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Seven-Step Process to Great Hires

Anyone who has ever overseen hiring can admit to hiring the wrong person at one time or another. Plain and simple, hiring the right person isn't easy. According to Career Builder, 74% of companies say they've hired the wrong person for a position. On average, the cost of a bad hire is around $15,000; the cost increases with the level of the position. If the employee is leaving after several years of working for you, they are also leaving with intellectual property, which increases your costs.

There is no magic formula or “easy button” when it comes to making great hires, but there are some tools and processes you can implement to set up your hiring managers for success. Follow this seven-step process to decrease the risk of making bad hires.

1. Train hiring managers on behavioral interview techniques

You need to train everyone who is conducting interviews, no matter how senior they are. Interviewing is a skill that is developed and to do it well, you need to learn the proper techniques. Otherwise, you risk making costly interview mistakes. It's important to use competency-based interview questions and make sure your interviewers are trained on how to use primary and secondary probing questions.

You don't want to just ask a question, listen to the answer and move on; that's not a good way to conduct an interview. To conduct an effective interview, you must look for behavior anchors and use probing questions to get more information regarding the context that the candidate is telling you they were successful in. These techniques are all part of the behavioral interviewing method and allow you to learn more about the context of the situation and discover behavioral examples that relate directly to the role (for example, who else was involved and what was the outcome).

2. Utilize objective hiring tools for "job fit"

Objective hiring tools are things like pre-employment assessments. They should be used to complement your hiring process but not as the sole basis for hiring decisions. They are instrumental because they give you objective data points to support your hiring decisions. The keyword here is objective data.

Look for these features when selecting an assessment tool:

  • Avoid "self-assessment" tools: You want an objective tool that does not engage the user in self-analysis because the answers will only be as good as the test taker’s ability to self-evaluate.

  • Validated: Ask for validation credentials to ensure the data has been validated based on success norms for job fit and benchmarks.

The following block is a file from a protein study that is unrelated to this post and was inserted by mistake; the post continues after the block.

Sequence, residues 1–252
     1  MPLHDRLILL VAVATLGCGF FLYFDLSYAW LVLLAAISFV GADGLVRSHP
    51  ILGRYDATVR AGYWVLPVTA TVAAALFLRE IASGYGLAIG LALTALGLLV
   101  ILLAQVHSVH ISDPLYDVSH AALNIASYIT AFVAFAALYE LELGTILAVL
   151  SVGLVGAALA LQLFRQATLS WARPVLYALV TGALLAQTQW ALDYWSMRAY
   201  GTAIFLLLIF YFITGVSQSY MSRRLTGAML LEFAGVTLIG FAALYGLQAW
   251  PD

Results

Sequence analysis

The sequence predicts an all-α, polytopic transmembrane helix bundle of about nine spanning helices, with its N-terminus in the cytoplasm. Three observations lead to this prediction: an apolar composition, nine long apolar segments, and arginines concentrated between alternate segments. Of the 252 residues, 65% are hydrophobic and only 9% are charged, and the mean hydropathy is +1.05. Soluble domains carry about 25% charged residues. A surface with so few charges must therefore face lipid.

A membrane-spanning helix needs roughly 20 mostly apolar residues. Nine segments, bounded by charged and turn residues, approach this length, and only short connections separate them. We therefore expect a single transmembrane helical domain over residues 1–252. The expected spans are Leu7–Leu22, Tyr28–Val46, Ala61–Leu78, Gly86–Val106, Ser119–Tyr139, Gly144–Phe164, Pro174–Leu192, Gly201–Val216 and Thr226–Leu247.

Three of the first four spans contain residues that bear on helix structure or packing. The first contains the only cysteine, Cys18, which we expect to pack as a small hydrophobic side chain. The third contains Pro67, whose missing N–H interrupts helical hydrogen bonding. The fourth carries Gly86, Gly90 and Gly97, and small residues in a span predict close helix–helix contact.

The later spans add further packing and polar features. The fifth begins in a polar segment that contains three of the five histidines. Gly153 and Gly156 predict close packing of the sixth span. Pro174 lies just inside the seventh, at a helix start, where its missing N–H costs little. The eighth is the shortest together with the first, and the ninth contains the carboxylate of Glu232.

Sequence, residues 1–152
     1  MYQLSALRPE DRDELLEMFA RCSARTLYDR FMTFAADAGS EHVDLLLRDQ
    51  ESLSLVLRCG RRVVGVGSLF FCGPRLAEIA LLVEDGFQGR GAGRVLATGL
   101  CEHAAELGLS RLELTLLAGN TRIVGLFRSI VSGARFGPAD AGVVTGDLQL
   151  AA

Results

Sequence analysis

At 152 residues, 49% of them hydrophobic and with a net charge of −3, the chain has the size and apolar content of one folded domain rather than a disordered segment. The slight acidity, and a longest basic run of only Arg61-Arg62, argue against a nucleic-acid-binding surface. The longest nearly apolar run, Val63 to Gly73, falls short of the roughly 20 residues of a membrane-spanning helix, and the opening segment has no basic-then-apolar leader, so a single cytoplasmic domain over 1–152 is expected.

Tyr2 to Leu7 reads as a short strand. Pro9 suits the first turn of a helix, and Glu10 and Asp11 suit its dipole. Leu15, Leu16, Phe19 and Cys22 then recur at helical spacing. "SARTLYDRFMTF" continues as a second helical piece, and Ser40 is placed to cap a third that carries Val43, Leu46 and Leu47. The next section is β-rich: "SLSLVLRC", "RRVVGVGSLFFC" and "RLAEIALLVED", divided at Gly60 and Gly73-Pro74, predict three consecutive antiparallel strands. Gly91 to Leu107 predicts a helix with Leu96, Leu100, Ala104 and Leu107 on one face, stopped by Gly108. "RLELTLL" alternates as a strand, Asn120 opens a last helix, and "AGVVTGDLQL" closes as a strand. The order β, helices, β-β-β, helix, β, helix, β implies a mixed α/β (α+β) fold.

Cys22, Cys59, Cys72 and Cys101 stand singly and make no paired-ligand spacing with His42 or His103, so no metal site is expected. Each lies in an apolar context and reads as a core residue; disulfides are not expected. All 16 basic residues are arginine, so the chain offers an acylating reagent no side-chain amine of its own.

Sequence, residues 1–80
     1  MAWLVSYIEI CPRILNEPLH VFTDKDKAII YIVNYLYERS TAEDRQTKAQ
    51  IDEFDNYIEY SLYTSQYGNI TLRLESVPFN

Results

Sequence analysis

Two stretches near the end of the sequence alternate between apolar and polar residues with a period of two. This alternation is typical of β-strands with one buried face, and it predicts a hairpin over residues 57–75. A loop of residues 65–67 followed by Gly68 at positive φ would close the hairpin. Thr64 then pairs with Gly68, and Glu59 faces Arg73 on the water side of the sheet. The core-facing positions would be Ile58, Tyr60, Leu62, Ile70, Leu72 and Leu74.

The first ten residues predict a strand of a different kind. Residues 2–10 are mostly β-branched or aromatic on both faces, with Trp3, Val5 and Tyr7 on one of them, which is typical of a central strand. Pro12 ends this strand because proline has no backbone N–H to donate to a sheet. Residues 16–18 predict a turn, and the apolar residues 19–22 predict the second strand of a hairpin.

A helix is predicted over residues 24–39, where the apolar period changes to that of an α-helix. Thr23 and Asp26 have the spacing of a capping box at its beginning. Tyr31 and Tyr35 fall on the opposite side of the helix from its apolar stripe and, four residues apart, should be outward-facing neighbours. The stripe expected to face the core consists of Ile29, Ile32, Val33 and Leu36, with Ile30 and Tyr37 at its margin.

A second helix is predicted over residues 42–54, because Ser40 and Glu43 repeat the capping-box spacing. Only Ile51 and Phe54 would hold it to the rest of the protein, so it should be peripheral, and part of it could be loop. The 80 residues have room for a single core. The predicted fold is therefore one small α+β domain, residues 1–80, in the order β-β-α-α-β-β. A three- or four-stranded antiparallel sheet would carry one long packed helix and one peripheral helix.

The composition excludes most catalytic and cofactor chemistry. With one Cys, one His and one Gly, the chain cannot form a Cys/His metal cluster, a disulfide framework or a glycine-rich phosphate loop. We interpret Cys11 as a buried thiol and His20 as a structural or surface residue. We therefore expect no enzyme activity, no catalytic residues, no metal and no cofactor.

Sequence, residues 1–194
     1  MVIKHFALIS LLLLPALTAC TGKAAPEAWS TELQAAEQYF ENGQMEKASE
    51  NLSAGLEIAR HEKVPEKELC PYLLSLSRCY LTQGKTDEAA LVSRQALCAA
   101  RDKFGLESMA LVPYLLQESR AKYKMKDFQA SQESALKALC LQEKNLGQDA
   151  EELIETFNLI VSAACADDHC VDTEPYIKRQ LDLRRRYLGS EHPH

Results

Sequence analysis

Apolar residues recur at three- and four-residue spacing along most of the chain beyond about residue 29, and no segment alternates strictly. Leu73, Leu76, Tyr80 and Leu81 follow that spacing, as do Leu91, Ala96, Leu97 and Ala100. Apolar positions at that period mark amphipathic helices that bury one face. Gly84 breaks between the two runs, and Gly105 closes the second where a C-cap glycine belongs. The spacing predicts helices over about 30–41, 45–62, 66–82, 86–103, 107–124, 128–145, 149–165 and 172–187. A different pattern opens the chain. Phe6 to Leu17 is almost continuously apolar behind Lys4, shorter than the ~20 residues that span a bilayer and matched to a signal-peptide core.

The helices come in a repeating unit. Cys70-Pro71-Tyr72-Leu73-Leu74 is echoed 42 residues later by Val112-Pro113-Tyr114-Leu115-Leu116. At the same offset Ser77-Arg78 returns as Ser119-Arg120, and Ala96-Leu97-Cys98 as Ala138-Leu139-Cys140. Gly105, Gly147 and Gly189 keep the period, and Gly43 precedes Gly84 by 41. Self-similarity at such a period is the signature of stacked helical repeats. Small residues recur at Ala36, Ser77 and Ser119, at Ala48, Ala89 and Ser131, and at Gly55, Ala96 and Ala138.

• Legally reviewed behavioral interview questions: The best assessment tools will also provide you with interview questions to guide you on interviewing the candidate based on the candidate's assessment results.

3. Include virtual interviewing in your screening process

The pandemic has forced many companies to start virtual interviewing. Despite some drawbacks, there are many positives to this change and it's a trend that is here to stay. Virtual interviewing:

  • Expands your candidate pool and opens up your geographic region for hiring candidates

  • Permits quick and efficient screening of multiple candidates

  • Provides a safe alternative to in-person interview during social distancing

A virtual interview is a great way to efficiently conduct interviews with multiple candidates as opposed to the scheduling and logistics that come with in-person interviews. Consider using a virtual interview in place of what might have been your first in-person interview after the phone screening. If you're hiring for a local position or one that will be in-office, bring the candidate in for the second or third round after you've shrunk the candidate pool. You'll be able to save time and screen candidates faster.

A few things to keep in mind when conducting virtual interviews:

  • Test your video and sound equipment in advance: Technical difficulties make for an awkward interview and a poor candidate experience that will leave a mark on your brand. Alleviate this by testing in advance.

  • Select a quiet room with no distractions: Just because you might be conducting this remotely does not mean anything should change about the atmosphere. You wouldn't have an interview in your office with people talking in the background, so why should that be any different virtually?